Human trafficking is the new slave trade – clandestine, highly lucrative – reducing human beings to disposable commodities, in total denial of their humanity. And it is on the rise: in 2012 the number of victims of forced labour and sexual exploitation was estimated at 20.9 million, up from 12.3 million in 2005 (ILO).

Typically victims are poor, hoping for a better life for their families, but human trafficking is not limited to one group or one type of exploitation. Anyone of any age, gender or social status can be a victim and be exploited in a multitude of ways, whether for forced labour, sexual services or criminal activities. They may even have vital organs removed.

Most victims of trafficking in Europe are subjected to quite subtle forms of abuse, like unregulated work and unpaid salaries. But the more extreme cases are shocking. The beautiful teenager lured abroad to become a model; drugged and forced into prostitution, her identity papers stolen. The girl sent to work as a cleaner in another country; locked in a cellar and sexually abused. The father tricked into working in a virtual labour camp to save his family from eviction; starved, sleep-deprived and beaten, ultimately to death.

The Council of Europe had already classified slavery, servitude and forced labour as human rights violations in its 1950 European Convention on Human Rights. Ten years ago this month it decided these new forms of modern slavery required a specific, targeted text: its ground-breaking Convention on Action against Trafficking in Human Beings, opened for signature on 16 May 2005. Monitored by GRETA, the only independent panel of experts on trafficking in human beings in the world, the convention takes the Council of Europe’s hallmark human-rights approach to the problem. It stipulates that trafficked people be identified as victims of a serious human rights violation. They are entitled to: a residence permit, time to recover, counselling, medical care, legal advice, the right to compensation, accommodation, education for children and protection from intimidation. Child victims are given special protection and a legal guardian. The convention also covers the persecution of traffickers and the prevention of trafficking, discouraging trafficking by criminalising the use of victims’ services.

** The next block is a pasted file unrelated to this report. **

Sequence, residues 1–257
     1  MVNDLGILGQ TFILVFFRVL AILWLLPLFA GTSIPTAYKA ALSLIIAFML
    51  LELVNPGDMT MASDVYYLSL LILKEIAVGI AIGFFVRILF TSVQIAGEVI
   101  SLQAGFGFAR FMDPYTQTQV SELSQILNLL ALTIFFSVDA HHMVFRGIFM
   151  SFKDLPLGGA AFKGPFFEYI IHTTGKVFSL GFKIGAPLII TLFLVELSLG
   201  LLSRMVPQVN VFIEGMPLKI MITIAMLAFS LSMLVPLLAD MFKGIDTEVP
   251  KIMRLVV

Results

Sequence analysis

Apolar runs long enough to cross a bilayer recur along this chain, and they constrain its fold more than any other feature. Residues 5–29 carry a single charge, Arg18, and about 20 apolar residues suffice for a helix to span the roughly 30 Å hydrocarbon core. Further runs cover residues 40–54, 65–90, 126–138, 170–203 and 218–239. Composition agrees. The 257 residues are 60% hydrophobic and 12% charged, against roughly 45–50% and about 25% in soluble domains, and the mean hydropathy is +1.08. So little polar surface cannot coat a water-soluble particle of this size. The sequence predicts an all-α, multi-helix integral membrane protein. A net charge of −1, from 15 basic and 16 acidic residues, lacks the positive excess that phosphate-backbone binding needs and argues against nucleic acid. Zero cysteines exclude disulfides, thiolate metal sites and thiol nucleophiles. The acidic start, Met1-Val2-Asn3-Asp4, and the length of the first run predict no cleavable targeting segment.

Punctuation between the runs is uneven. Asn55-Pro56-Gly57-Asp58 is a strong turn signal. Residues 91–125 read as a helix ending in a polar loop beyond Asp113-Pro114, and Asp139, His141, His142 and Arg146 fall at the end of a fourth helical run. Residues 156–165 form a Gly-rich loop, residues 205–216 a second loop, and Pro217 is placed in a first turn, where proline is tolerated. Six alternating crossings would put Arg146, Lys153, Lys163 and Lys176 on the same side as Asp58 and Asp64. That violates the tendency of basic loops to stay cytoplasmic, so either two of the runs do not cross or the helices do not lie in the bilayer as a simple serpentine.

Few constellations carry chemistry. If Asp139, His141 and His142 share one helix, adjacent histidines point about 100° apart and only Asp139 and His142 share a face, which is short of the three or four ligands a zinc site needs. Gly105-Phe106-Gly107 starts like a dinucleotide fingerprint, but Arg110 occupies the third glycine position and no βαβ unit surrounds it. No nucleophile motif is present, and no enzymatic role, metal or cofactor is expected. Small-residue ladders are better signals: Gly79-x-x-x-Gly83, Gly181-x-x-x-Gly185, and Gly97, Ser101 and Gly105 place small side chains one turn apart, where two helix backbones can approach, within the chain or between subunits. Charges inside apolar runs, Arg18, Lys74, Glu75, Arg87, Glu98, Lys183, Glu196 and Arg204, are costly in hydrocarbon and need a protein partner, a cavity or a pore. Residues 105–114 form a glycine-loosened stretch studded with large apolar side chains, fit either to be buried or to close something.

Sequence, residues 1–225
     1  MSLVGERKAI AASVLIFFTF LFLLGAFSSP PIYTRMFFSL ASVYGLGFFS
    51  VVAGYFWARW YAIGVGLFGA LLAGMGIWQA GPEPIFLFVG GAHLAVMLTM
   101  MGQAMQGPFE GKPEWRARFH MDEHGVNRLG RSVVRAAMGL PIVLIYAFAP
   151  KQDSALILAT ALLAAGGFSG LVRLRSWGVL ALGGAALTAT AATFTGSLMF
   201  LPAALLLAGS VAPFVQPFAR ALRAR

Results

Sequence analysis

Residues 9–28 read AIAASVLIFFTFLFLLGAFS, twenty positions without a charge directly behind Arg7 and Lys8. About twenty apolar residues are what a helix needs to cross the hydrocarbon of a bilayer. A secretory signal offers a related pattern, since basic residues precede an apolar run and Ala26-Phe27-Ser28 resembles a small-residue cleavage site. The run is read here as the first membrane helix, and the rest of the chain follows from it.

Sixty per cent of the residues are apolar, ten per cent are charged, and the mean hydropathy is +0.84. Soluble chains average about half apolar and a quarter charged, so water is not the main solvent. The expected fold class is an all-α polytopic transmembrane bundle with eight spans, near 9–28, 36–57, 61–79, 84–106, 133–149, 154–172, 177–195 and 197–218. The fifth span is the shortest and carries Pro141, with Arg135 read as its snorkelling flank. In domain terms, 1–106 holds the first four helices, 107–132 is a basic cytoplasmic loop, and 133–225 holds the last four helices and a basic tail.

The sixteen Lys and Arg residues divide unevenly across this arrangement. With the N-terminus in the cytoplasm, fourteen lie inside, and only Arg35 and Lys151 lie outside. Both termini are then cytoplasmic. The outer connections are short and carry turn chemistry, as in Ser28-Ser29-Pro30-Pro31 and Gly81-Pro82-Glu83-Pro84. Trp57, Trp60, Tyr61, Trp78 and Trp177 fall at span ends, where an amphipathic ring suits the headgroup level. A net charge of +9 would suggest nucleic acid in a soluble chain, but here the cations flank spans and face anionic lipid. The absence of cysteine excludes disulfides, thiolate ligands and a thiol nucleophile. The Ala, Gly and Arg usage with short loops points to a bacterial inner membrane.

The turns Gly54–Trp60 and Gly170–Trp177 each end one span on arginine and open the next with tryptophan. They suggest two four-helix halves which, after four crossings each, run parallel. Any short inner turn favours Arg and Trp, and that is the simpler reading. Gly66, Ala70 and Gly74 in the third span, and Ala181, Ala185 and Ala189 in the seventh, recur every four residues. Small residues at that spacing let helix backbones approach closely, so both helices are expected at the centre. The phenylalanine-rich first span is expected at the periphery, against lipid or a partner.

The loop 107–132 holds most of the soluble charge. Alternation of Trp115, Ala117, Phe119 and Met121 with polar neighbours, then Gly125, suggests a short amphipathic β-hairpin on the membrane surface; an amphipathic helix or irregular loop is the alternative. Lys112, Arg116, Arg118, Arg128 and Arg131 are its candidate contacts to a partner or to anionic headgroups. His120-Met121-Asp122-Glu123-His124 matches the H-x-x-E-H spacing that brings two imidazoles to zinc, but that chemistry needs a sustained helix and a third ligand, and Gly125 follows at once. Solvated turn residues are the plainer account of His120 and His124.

GRETA has found that sexual exploitation is the main form of trafficking across the 35 European countries monitored so far, with trafficking for forced labour on the rise and the main issue in some countries.  The question of identifying victims of trafficking, notably child victims, remains a major stumbling block. Other important challenges include the need to successfully prosecute traffickers and to provide adequate assistance, protection and access to compensation for victims.

Politically, there are concerns that helping victims of trafficking will heighten migratory pressure, despite the lack of supporting evidence. National authorities also face difficulties differentiating between smuggled migrants and victims of trafficking. But there is a crucial difference; victims of trafficking have been tricked, coerced, deceived or bought as a commodity for the purpose of exploitation.  Today, 43 European countries are bound by the convention, which has inspired new anti-trafficking legislation, policies and practices and changed the lives of thousands of victims. But much remains to be done to bring the whole of Europe into line with the convention: further legislative change, increased funding and better protection for the most vulnerable – children, the elderly, people with disabilities – an issue being closely monitored by GRETA.  It is also vital that Council of Europe Member States which have not yet ratified the convention – the Czech Republic, Liechtenstein, Monaco, Russia and Turkey – do so rapidly. Human trafficking flourishes in the shadows. We must drag it into the light.